I think this person’s BEST solution is not to try to squeeze confession into a lunch break.
Fr. Basil, I agree, but with the hugely abbreviated availability of confession time at many parishes, almost any time I can make it is good enough. There have been times when I’ve managed to get to a cathedral during a business conference between sessions and have been very thankful for even that short window.
(Note, I am not the original poster.)
I was taught in the seminary that the penance must be accepted by the penitent–it’s not imposed. I always propose the penance a question: “for your penance, can you do X?”
As our host observed, many priests, including me, want to offer a penance that connects some way. My hope is that it will be meaningful, spiritually fruitful, not a rote performance. Also, as I sometimes explain, it can be a way that we cooperate with God in the healing of the damage done by our sins. So, for example, I often ask, if someone confesses to hurtful words or actions, “is there anyone to whom you need to apologize?” And if so, I suggest that as a possible penance. For married persons, I sometimes suggest as penance doing something special for or with their spouse–explaining that strengthening their marital bond pleases God and is good for them.
But–whenever I do that, I do ask if they can do it promptly, and in any case, if I am offering a penance that perhaps be outside the penitent’s usual experience, I do ask, “can you do this? Is this too hard?”
If you priest doesn’t ask, know that you can–and should–let him know that it will be difficult to perform the penance, or at least promptly.
Finally, if you ever receive a penance, and later find it too difficult to perform, another priest can “commute” that penance–meaning, give you another penance in place of it.
We have no details here, but I think this post should flag up to confessors the dangers of giving complex and vague penances. The real danger, as we see from the poster and other comments, is that this needlessly encourages scrupulousness.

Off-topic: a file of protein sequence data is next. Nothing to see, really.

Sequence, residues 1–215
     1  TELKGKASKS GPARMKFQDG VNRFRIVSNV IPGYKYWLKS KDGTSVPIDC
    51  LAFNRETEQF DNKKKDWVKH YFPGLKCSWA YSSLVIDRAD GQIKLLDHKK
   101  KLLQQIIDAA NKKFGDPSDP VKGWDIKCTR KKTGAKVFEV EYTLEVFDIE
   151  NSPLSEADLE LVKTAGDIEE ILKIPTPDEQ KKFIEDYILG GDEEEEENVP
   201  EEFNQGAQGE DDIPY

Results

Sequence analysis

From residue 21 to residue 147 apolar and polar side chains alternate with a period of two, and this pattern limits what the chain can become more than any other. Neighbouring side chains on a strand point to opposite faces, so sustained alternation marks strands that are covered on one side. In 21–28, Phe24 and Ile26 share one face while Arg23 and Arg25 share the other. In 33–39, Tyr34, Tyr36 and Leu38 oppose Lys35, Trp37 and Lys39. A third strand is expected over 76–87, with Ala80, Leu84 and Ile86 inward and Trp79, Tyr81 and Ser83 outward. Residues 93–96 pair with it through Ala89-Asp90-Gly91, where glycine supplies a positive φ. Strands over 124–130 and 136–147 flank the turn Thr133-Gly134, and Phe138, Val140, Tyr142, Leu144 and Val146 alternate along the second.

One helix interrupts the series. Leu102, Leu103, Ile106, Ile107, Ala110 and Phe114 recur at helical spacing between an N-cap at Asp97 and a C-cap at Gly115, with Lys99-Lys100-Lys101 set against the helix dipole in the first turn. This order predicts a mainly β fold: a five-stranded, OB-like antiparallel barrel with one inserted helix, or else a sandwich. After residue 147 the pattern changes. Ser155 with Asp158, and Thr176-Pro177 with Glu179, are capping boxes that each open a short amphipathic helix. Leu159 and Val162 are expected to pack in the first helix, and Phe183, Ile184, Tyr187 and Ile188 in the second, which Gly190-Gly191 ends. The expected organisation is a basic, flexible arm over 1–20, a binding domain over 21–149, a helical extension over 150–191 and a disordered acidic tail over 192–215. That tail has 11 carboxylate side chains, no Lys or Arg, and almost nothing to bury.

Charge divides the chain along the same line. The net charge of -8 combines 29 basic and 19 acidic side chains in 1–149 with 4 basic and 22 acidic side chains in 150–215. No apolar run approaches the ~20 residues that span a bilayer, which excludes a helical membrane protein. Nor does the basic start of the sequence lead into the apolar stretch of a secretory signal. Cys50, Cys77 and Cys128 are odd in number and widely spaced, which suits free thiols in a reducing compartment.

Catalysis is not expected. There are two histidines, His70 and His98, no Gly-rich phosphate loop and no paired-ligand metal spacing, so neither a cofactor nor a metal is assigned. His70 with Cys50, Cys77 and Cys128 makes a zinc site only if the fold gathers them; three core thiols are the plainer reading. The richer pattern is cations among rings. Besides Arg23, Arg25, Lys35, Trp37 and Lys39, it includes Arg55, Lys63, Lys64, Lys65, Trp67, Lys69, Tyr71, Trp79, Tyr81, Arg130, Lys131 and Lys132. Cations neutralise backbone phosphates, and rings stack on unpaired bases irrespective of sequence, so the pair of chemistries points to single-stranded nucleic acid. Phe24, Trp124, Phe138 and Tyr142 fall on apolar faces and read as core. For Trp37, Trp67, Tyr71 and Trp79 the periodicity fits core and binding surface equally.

I have a priest friend who was once given 20 acts of charity. Laudable in itself, but it is hard to be clear when it is complete, and by the end may have led to considerable additional sins of pride!
PLEASE, Father Confessors: you ask us to keep our confessions simple; keep the penances simple too! Not things that require us to come back to church later for specific services, or vague activities which cannot be clearly recognised as having been done. This does not mean they need to be short, but even a full rosary is at least finite.
It has always been my understanding that unless the penance is completed the absolution is not efficacious. The absolution is dependent upon the penance. I notice that you, Fr., with all due respect do not bring out this point. I understand that if a person unintentionally forgets, then he is not culpable. In the case of the man who did not do the penance isn’t it true that he must confess those same sins again as the absolution is, in effect, not truly given? Please clear up this point.
I’ve had priest assigned three different acts as one penance with each act having to be done at a different time usually one immediately, one when the same type of temptation/sin presented, and a third daily. This made completely the penance near impossible, because 1) I don’t take pen and paper to confession with me so with a laundry list of acts to complete it was difficult to remember exactly what my assigned penance was and 2) I’m not going to remember the following day or several days to do xyz if a certain temptation arises while I’m at work or around town.